3. Control Case

Laptop: I set up my stand and lay it in every night. This runs Ableton, which is the secondary brain of the show (myself being the primary), and I’ll be hilighting my Ableton workflow in my tutorial next week.

I-Pad: This is where the mixer interface for the Behringer lives. It’s mobile, but I leave it set up here during the show for any on the fly adjustments in the Monitor mixes (or FOH if the guy is doing a crappy job... or non existent).

DMXIS: A DMX to USB converter. Think of it as the input of a lighting board that lives in your computer as a plug in.

Donner DMX Wireless Transmitter: Plugged into the DMXIS to transmit the signals from the board (plug in) to all the lights in our show.

TC Helicon Mic Mechanic Pedal: As mentioned before. I run my microphone signal from the wireless mic receiver into this and out to the Behringer mixer. I can add and control different reverb and delays on this, and typically operate it with my hand. It has some pitch correction and tone capabilities which are great when used subtlely.

USB Hub/Power Strip: Taped into the sides, the powered USB hub takes all my USB inputs (Behringer, Launchpad, DMXIS, USB MIDI Switch, and USB to MIDI Cable) and sends it to my computer. The power strip allows me to just leave everything plugged in so I only have to deal with one plug every night.

4. Novation Launchpad

Used to start and stop tracks in Ableton and as a live instrument to trigger samples.

5. Logidy UMI3 USB MIDI Switch:

At this point, you may have figured out that I don’t use a guitar amp. I run it into the Behringer mixer and send the signal to Ableton via the interface. I then use the Guitar Rig Pro modeling amp plug-in in Ableton to create my guitar tones and send the signal to FOH. Anyway, this USB midi switch is used to control the looper plug-in on the guitar channel so I can create loops. Again, I operate this with my hands instead of my feet.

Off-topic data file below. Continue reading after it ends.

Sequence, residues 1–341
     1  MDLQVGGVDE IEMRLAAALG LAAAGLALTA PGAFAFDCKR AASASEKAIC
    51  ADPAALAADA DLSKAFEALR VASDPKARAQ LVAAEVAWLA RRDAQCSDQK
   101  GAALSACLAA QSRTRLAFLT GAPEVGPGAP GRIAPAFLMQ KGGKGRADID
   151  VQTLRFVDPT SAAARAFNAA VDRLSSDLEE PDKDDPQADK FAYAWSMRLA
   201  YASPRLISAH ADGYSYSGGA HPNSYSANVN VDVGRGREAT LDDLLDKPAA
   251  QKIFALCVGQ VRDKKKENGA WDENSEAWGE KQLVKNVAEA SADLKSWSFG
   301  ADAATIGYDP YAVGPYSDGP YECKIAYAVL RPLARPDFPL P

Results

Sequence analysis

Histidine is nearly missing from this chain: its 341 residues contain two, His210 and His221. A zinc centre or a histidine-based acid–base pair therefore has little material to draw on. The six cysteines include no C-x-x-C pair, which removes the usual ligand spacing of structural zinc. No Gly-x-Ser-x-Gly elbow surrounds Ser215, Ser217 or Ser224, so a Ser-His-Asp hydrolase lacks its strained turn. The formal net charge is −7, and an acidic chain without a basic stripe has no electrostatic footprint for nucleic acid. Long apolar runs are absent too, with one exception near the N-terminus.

6. Microkorg

My very first synthesizer. This small and compact keyboard harnesses a lot of power when it comes to creating sound and tone. I make use of the arpeggiator on it a lot since it’s slaved to Ableton’s tempo via the USB to MIDI cord.

7. Nord Lead II

My second synthesizer. The layout of the keyboard allowed me to learn so much more about subtractive synthesis and get out of just using pre-sets on the microkorg. It has some great fat lead and atmospheric pad sounds that I use in the show.

8. Shure Wireless BLX Mic 

My main vocal microphone that transmits the signal to the wireless receiver in my rack.

9. E-MU MIDI Keyboard

Set up to do some additional sounds from various synth instruments in Ableton, like the analog instrument.

So there you have it. An in depth overview of my set up. Stay tuned next week for a deeper dive into what I’m doing in Ableton Live during my show, and feel free to comment or e-mail me at info@digisaurusmusic.com with any questions or feedback!